Ringing in a Grand new tradition
December 12, 2013
From the first, it was part of the civic vision—a big, free, central place where Los Angeles would, for once, come together in public on New Year’s Eve.
Even while it was on the drawing boards, Grand Park was being touted as a rival to the big, cold-city countdowns that have always seemed to have the market cornered on December 31st at midnight. At meetings, civic leader Eli Broad talked excitedly about the notion, envisioning televised images of a 12-acre party between The Music Center Plaza and L.A. City Hall.
Now, at last, Grand Park will step up with its first New Year’s Eve celebration, an event that, at least for now, may not draw the hundreds of thousands annually estimated at Times Square, but that is expected to set its own kinds of records with a dazzling technological display that will be the largest of its kind ever attempted on the West Coast.
Of course, there’ll be live music, dancing, food trucks and a cash bar. But the highlight is expected to be a colossal presentation of so-called “3D digital mapping”—a high-tech urban art form that will make L.A.’s iconic City Hall do some things that it may have to blame on the champagne in the morning.
“I don’t think anyone in L.A. has done anything on this scale,” says Jonathan Keith, creative director at Idea Giants, the local consortium of 3D special effects artists who created the extravaganza.
The technology, which employs projectors and sophisticated 3D models to make art out of ordinary landscapes, has been used to turn skyscrapers into everything from ancient ruins to giant dancing monkeys. Windows can seem to extrude, walls can seem to fall away, and—in one stunt hinted at by the creators of the New Year’s Eve show—whole landmarks can seem to disappear and be replaced by Grand Park’s renovated jewel, the Arthur J. Will Memorial Fountain. (Click here for a sample of what digital mappers can do to an unsuspecting building.)
Keith says his team will use a 20-foot stack of five 40,000-lumen projectors weighing about 500 pounds each—state-of-the art equipment. “I believe we have every 40K projector in California for this event,” Keith says. “We needed some major fire power with a structure the size of City Hall.”
The party is the most ambitious undertaking yet for park programmers, who have built audiences for the new downtown destination through a number of high profile events. The biggest was on the Fourth of July, when some 10,000 revelers flocked to Grand Park’s lawns to watch fireworks, but thousands also have gathered for events ranging from a live screening of the 2012 Presidential Elections, Mayor Eric Garcetti’s swearing-in celebration, an assortment of outdoor concerts and CicLAvia.
To that end, Julia Diamond, the park’s director of programming, says organizers have tried to err on the side of caution in planning the New Year’s Eve celebration. Although they’re planning for a repeat of the Independence Day attendance, they also avoided bringing too much celebrity wattage to the entertainment lineup, lest a too-massive turnout spoil the park’s vibe.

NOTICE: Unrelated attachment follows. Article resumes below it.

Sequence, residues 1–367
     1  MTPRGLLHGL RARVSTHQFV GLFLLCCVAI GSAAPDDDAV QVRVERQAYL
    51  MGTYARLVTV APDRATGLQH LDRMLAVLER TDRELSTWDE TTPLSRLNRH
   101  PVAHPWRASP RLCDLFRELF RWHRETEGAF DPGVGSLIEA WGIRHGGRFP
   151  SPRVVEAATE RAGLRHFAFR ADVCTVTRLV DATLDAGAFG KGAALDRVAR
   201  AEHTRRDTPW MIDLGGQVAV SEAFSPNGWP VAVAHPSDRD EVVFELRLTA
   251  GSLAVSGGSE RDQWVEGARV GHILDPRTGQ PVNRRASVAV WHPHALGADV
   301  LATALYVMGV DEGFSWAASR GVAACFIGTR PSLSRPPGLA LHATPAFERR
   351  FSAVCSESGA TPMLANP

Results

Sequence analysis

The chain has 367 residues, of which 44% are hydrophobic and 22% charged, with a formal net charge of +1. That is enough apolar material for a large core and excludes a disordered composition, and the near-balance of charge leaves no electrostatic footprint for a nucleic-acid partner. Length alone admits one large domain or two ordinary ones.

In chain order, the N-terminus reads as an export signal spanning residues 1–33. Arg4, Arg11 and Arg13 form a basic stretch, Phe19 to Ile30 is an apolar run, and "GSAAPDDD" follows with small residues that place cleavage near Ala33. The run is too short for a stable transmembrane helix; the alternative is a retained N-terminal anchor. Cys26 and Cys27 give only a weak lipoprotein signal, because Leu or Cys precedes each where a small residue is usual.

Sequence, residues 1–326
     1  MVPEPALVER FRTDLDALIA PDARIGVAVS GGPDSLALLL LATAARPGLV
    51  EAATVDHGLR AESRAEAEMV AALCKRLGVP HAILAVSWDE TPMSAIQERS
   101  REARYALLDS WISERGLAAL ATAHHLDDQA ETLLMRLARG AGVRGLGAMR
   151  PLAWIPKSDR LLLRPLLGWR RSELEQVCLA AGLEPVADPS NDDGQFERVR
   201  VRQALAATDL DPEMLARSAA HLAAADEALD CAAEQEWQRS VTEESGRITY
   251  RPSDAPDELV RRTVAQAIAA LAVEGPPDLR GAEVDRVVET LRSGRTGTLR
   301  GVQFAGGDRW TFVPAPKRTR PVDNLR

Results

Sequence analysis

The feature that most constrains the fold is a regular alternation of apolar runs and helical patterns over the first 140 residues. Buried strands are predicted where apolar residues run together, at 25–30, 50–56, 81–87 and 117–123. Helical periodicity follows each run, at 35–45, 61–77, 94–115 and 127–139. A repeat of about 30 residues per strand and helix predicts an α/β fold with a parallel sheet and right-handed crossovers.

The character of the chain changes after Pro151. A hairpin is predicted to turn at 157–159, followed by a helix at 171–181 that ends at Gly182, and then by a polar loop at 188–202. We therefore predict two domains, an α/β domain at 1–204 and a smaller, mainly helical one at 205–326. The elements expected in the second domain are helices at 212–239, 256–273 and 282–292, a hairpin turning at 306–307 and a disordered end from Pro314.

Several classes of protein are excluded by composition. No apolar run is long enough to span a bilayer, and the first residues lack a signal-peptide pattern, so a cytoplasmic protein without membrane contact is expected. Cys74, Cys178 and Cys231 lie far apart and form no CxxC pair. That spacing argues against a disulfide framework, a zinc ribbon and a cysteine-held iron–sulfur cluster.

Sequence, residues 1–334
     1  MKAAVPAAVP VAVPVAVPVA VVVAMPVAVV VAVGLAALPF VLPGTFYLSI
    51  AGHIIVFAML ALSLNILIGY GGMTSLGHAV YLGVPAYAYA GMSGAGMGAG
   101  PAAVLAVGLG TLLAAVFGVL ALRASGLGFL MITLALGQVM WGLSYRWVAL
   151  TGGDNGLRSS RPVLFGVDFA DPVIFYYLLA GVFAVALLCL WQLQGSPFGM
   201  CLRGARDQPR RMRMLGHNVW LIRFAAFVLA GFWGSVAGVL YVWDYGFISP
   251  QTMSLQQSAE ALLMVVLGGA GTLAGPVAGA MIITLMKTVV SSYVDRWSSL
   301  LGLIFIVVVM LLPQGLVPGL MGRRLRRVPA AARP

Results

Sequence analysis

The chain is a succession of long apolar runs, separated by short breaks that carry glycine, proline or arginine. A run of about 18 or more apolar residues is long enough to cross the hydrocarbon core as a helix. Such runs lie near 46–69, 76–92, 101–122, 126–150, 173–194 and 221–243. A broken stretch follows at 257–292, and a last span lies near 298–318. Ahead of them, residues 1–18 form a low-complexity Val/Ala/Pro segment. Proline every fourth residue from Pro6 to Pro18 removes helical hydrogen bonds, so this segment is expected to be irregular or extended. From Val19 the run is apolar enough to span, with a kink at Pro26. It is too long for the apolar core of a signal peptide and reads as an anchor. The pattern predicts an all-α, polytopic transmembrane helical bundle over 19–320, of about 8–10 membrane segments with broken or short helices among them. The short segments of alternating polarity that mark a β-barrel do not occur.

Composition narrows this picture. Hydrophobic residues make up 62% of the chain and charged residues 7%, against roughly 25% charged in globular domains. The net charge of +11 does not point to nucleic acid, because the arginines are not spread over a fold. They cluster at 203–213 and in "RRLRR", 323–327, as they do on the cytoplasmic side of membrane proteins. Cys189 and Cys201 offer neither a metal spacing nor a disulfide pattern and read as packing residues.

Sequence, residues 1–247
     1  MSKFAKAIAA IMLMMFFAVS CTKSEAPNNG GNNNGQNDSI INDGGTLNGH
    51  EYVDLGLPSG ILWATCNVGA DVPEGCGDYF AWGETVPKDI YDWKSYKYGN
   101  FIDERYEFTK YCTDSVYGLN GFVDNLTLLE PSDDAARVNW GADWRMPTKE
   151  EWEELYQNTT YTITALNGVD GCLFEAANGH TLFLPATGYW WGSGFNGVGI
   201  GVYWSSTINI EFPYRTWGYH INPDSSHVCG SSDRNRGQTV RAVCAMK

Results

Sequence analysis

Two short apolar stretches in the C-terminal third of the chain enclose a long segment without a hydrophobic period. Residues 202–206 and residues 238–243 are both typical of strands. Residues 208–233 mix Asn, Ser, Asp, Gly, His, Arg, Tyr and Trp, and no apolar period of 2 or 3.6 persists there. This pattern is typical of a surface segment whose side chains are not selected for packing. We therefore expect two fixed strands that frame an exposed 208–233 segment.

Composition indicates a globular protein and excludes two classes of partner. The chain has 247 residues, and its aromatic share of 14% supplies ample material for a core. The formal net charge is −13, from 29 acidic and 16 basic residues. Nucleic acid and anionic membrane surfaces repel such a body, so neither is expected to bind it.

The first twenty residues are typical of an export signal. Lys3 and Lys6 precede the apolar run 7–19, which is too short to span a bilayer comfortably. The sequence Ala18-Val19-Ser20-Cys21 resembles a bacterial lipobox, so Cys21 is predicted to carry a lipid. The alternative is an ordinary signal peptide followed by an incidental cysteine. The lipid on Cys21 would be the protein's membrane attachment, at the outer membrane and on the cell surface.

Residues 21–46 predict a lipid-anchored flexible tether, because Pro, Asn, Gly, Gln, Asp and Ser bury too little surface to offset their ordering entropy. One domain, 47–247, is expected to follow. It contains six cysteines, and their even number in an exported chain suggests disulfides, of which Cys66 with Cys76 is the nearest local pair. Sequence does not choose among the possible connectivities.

“I think especially in this early period, the event isn’t about a person or a band, especially on New Year’s Eve,” says Diamond. “Maybe down the road we’ll go with a big national name, but right now, this space isn’t a 100,000-person venue or even a 30,000-person venue.
“We don’t want to re-create the kind of experience you have at Times Square, where you’re smashed into a packed concrete space where you can’t sit down and can’t move and can’t eat. And the bigger names you have, the more you get of those logistical issues. We want people to come in, find a bench, spread out and enjoy themselves with their families.”
A key question, of course, is: What will the countdown look like? Organizers have been close-lipped about the details, but they will confirm that they don’t want their clock to strike midnight the way Times Square’s does either, although there will be a live feed of the ball dropping for early birds at 9 p.m.
“We can represent the passing of time in ways that are much more creative and dynamic and sleek now,” Diamond says. “The ball dropping is great and iconic, but it’s really analog.”
Beyond that, Diamond says, there will mostly be brightness and action. Images of revelers and their hopes for the New Year will be projected on the Hall of Records, as will names of the various communities of Los Angeles County.
“The first thing people will notice is a sort of neon takeover of the park,” she says. “You’ll be surrounded by lights and color and New Year’s Eve.”
The party will also showcase art installations symbolic of the city by Michael Murphy, Geoff McFetridge and Charles Baker, and dancing by the hip-hop Versa-Style Dance Company.
Dublab, an L.A. nonprofit web radio collective, will provide music, and Fool’s Gold, a Los Angeles Afropop collective, will headline and ring in 2014 with their rendition of “Auld Lang Syne.”
In short, she says, midnight on December 31 promises to be a lot like L.A.—light-hearted, cutting-edge, and—at least lately—a little more interested in community.
“This hasn’t been a place where New Year’s Eve is celebrated collectively, but I think people are more interested in coming together,” says Diamond. “What we’re building is a new tradition for L.A.”